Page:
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Churches with Round Towers in Northern Clare by Thomas Johnson Westropp

The Termon Cross

The Termon Cross, of which the socket remains in a rock, 4 feet high, west of the road near Lemenagh Gate, was removed, I am informed, by Mr. O’Donnelan Blake-Foster, and kept in his house for many years. It is shaped like the head of a crutch, with beardless faces, looking towards each other, on the upper surfaces of the arms; between these are three raised welts or ridges running across the ‘saddle,’ from side to side, and 4 inches down each edge. It is only 3 feet high (2 feet above the socket), 2 feet 2 inches across the arms, and the shaft tapers from 11 inches to 5 inches broad, and is 5 inches thick. Mr. George D. Burtchaell has recently examined it, and kindly supplied me with a description and sketch, perfectly corroborating those of O’Curry in the Ordnance Survey Notes for Clare. He writes:—‘When I saw it on the 12th September last (1893), it was then in the hall at Ballykeel House. The present occupier had found it under some barrels in the yard, and had brought it into the house. The measurements are 2 feet 1 inch across the arms and 3 feet high. The heads are beardless, and covered with hoods. It is only by an intense stretch of imagination that the mouldings could be described as clasped hands. If the artist so intended he altogether failed to carry out the idea. I had a letter from Dean Copley a few days ago, in which he says that it is likely to be soon replaced on its original site.’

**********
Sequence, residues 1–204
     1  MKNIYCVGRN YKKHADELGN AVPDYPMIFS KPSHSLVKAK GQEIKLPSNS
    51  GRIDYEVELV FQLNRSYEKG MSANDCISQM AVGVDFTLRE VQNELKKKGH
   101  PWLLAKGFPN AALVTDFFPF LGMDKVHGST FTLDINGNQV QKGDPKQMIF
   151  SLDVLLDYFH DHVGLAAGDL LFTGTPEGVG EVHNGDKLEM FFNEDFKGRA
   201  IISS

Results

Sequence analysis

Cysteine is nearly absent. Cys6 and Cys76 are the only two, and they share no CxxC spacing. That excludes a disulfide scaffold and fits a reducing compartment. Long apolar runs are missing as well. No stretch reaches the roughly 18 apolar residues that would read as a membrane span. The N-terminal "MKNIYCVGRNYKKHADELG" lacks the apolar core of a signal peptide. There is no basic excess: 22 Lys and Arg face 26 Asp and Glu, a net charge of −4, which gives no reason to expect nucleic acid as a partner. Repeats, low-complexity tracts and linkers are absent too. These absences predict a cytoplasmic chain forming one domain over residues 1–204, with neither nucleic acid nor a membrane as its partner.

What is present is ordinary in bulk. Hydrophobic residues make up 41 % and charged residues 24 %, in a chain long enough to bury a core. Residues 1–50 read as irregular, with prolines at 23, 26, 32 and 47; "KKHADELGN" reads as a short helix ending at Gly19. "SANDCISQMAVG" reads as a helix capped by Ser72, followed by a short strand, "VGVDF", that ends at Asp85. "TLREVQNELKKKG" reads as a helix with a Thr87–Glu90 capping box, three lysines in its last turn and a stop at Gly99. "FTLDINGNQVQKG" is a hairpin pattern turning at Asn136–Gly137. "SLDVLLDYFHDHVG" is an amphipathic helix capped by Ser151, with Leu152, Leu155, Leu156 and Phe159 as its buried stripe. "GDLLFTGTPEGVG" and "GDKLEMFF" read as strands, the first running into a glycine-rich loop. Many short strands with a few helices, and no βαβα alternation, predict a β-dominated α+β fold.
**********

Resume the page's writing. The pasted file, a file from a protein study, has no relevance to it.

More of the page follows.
The Termon Cross
The Termon Cross

Despite of all this, Hely Dutton develops its ‘welts’ into clasped hands, with a legend to correspond;[12] and Mr. M. Keane, though a local man, unaccountably accepts the error, nay more (theory being a parent of invention), he finds by equally distorting a picture in ‘Bryant’ that the evolved device is a ‘Cuthite’ design, and the embodiment of a deep religious mystery. Well might O’Donovan and O’Curry, after seeing ‘where the hands were not,’ scout the notions of Dutton and his followers with energetic scorn—the whole being a surprising episode in the too abundant history of the fanciful in Irish archæology.

 

Kilnaboy Church and Round Tower

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Rath Church and Round Tower